National Pavilion UAE - A Glimpse Through a Locked Box | Review by Ilaria Balestra
  • A Glimpse Through a Locked Box | Review by Ilaria Balestra

    “Draw me a sheep”, says the little Prince to the narrator. The narrator makes a drawing of a sheep. “No. this sheep is already very sickly. Make me another.” So he makes another drawing. The little prince smiles gently and indulgently and says: “This is not a sheep. This is a ram. It has horns.” After several rejections, the narrator’s patience is exhausted and so he draws a box and said: “This is only his box. The sheep you asked for is inside”. The little prince’ face lights up and he replies: “this is exactly the way I wanted it!”

    This abstract of Saint-Exupery’ book The little Prince is the one which appears in the last scene of Akram Zaatari’s film Letter to a Refusing Pilot, the video-installation representative of Lebanese pavilion.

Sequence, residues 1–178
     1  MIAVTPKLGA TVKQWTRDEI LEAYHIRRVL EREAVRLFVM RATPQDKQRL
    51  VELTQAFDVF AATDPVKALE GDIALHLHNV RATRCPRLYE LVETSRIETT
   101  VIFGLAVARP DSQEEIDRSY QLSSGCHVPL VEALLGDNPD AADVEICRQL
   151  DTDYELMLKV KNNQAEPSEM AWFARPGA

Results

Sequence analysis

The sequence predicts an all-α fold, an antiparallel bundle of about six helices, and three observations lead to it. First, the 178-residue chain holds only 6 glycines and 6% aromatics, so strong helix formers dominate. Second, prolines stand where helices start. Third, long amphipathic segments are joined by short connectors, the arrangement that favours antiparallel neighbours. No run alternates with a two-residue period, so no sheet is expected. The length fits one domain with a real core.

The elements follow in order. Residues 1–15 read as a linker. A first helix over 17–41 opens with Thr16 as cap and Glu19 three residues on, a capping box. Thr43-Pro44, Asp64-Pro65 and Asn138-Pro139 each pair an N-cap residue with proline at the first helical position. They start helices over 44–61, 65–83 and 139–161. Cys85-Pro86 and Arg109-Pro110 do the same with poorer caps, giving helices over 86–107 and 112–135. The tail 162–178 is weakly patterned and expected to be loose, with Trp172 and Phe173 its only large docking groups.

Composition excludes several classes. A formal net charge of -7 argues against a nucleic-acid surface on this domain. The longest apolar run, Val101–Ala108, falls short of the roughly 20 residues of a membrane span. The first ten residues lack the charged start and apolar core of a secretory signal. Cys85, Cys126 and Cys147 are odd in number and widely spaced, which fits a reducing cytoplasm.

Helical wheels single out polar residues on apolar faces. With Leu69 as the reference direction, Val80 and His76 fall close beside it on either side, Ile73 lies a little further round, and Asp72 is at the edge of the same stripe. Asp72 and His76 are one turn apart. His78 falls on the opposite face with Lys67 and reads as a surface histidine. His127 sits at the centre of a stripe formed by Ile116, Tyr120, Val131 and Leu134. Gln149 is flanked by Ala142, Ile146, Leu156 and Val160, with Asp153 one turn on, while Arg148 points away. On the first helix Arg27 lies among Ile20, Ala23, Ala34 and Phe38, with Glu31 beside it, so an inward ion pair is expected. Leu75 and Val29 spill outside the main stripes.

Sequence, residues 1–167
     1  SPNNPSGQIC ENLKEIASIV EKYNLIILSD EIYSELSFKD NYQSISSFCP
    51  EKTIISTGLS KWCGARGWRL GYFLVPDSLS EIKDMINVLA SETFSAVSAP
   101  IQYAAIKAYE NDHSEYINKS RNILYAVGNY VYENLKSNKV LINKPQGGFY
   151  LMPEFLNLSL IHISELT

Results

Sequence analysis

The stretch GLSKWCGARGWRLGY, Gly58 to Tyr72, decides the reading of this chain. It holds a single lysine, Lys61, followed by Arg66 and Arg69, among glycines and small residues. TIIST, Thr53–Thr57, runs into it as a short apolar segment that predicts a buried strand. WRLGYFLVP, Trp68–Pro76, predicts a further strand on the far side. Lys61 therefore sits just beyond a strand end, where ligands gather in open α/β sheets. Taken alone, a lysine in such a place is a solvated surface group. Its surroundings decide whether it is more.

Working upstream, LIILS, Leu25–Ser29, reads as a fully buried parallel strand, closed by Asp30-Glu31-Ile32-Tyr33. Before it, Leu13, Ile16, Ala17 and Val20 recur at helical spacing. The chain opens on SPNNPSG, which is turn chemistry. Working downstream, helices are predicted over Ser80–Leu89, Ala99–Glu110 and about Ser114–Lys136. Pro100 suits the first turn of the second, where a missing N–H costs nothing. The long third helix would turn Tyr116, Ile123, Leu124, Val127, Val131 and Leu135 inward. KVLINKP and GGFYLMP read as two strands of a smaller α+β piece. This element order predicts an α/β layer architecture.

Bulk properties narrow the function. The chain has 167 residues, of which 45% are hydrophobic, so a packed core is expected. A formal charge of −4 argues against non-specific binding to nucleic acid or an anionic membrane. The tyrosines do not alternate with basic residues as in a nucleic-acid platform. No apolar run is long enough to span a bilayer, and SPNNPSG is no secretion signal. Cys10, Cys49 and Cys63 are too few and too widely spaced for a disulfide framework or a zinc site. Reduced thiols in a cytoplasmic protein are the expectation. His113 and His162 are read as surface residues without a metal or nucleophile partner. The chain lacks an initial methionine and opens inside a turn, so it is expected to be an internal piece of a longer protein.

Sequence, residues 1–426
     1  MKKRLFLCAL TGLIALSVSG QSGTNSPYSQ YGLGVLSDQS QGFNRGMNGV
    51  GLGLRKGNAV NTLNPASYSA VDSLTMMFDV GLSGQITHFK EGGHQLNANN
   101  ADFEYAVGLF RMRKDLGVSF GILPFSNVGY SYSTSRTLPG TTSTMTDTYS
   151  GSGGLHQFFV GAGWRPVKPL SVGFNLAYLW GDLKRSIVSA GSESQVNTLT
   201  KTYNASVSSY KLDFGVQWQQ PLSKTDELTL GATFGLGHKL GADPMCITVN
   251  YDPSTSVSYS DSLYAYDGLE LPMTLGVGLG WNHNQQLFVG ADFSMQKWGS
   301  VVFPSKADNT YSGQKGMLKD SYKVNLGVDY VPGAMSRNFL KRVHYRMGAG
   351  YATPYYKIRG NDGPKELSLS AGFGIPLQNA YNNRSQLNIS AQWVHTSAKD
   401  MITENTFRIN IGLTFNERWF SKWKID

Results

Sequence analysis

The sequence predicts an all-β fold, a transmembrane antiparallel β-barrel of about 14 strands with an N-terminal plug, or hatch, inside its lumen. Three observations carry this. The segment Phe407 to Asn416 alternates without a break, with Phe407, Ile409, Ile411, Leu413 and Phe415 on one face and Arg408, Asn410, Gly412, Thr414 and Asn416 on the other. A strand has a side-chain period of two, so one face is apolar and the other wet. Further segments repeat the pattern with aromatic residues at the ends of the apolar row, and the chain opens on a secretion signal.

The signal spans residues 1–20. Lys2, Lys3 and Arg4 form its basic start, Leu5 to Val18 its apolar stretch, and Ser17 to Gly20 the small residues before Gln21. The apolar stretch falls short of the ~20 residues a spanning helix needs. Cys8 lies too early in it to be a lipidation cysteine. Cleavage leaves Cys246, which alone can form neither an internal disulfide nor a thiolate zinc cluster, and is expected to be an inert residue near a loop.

This years the Biennale of Venice  has adopted an “anthropologic approach to the images study, especially focusing on imagination functions and the dominium of imaginary”.

    As the little prince embodies the spirit of wonder and the power of imagination, the artist Zaatari invites us to see through the locked box and explore the boundaries between past and present.

    The triggering event from which the reflections start, is the incident that occurred during 1982 Israeli invasion of Lebanon where an Israeli fighter pilot refused to carry out his commander’s order to destroy a public school in Saida. The facts are retraced through Zaatari documentary-film, where personal biography blurs with the life of a whole city and its inhabitants. Personal experience and life of a nation interact each other so closely as the artist asks himself if personal choices are merely projections of the canonical history that leads people and events.

    So, what about the individual? What is his role? Zaatari engages the visitors of the pavilion with this question, making use of a vintage theatre seat placed in the middle of the installation in front of a television, broadcasting a documentary of 1982 events. And, further, Zaatari sheds light on citizens disaffection towards the nation, felt as an entity far away from their own ethic, that imposes rules and boundaries on a land otherwise joined by a continuum of cultures.

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